John Bruno

Shrek! -- With a striking resemblance to a popular cartoon character, John J. Bruno, a graduate student in kinesiology at Southern Illinois University Carbondale, models two of 17 reflective balls taped to his body from head to toe. (Photo by Steve Buhman) Download Photo Here

July 07, 2010

‘Avatar’ technology may help athletes, patients

by K.C. Jaehnig

CARBONDALE, Ill. -- The same technology powering characters in the films “Avatar” and “Alice in Wonderland” could boost the performance of Southern Illinois University Carbondale athletes and assist area patients recovering from strokes, surgeries and spinal cord injuries.

In his biomechanics lab on the SIUC campus, kinesiologist Michael W. Olson is using motion-capture equipment -- a mix of infrared cameras, reflective body markers and computer software -- to translate a person’s movements into digital form. With a few keystrokes, he can rotate the resulting images -- a group of dots, resembling a stick figure, moving across a grid -- for a clearer picture of what the movement looks like straight-on, from the side and from above.

“ This equipment lets me analyze things like gait speed, rotation of the trunk, arm swing, joint angles, all of which give me a better idea of how the movement is being performed,” Olson said.

While motion-capture technology animates the computer-generated creatures fabricated by game designers and filmmakers (think hordes of enemies in action games or all those teensy people falling off the Titanic), it started out as a biomechanics research tool. Such researchers study how the interplay of bones, tendons, muscles and ligaments move a human body.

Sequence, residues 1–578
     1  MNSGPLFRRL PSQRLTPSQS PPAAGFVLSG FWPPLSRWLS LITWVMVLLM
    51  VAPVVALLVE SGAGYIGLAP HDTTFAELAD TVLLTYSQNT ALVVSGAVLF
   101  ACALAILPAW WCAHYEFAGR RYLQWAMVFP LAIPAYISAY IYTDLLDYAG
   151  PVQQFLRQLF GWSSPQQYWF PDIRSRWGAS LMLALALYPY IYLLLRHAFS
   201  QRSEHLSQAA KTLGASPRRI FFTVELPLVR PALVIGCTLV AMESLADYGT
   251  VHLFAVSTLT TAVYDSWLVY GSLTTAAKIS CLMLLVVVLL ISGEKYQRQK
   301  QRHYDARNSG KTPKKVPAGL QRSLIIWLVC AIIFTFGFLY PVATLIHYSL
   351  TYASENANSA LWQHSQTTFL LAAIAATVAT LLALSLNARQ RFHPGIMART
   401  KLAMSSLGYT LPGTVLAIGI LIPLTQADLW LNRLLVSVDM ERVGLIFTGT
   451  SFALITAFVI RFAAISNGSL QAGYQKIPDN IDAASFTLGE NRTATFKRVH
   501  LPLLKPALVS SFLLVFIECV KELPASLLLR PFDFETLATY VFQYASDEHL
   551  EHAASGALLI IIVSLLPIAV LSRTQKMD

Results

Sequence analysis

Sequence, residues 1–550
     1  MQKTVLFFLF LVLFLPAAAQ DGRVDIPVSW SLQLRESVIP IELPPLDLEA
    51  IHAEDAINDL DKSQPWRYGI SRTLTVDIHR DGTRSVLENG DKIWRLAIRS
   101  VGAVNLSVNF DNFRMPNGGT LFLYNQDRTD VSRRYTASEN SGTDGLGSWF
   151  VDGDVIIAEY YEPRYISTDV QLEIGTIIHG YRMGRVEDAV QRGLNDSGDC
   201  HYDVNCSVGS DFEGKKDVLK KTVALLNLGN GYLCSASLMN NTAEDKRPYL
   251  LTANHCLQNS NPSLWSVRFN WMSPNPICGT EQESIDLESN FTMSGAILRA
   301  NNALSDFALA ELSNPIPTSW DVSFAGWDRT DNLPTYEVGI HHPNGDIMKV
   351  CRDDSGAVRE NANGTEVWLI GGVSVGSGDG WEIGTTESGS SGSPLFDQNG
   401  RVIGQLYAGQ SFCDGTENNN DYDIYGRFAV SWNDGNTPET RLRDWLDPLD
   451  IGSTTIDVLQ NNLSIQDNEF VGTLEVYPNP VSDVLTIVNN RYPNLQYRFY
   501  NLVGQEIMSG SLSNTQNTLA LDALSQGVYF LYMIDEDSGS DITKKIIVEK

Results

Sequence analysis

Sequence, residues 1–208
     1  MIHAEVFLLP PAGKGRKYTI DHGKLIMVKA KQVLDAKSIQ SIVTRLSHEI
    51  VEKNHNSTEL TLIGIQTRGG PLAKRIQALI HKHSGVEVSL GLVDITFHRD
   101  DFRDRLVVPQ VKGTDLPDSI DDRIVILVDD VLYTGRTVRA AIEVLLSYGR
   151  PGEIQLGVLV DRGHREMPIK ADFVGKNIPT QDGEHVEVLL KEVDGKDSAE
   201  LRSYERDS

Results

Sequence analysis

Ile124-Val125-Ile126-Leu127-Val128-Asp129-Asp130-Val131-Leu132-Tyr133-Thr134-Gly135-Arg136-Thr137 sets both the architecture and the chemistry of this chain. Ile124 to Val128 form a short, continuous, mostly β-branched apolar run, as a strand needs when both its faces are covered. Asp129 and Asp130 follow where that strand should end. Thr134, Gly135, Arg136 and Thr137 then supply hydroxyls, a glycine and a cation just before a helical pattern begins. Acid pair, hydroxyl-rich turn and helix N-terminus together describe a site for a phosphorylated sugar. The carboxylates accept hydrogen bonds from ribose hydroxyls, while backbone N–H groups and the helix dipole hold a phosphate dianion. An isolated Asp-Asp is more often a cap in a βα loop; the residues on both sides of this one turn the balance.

“I deal a lot with neuromechanics (which adds the nervous system to the mix),” Olson said. “The equipment lets me evaluate, for example, how a movement takes place, specific changes that might be occurring and whether those changes could be short or long term.”

Such information could help Saluki athletes retrain bad habits and improve their jump shots, punts, pitching, swings and sprint starts.

“Because you can get a pretty good idea of how a body part is moving as someone performs an activity, you can analyze the overall movement and provide a corrective measure for that skill,” Olson said.

But he also is focusing on a wider application of this technology.

“What I would like to do is use the equipment to look at individuals who will be going through surgery (knees, backs, hips) or who have been injured or who have neurological disorders,” Olson said.

“When you have surgery, for example, you don’t move the same way afterward. If we could do some analysis before the surgery, we could see what your initial movement looks like. If you’d had a stroke, we could monitor what the unaffected side was doing as compared to your affected side. In both cases, we could then work with your doctor or physical therapist to enhance your treatment and monitor your progress over time. This would help you function more normally and feel more independent.”

Olson is looking to approach health care providers about working with them. Such partnerships would offer the region’s residents a unique service, he believes.

“The closest labs with motion-capture capability like this are in Champaign, Evansville, Ind., and St. Louis, Mo.,” Olson said.

In the meantime, he is teaching a laboratory techniques course this summer to help graduate students learn how to use the tool.

“They’re getting fairly intimate with it,” he said with a grin.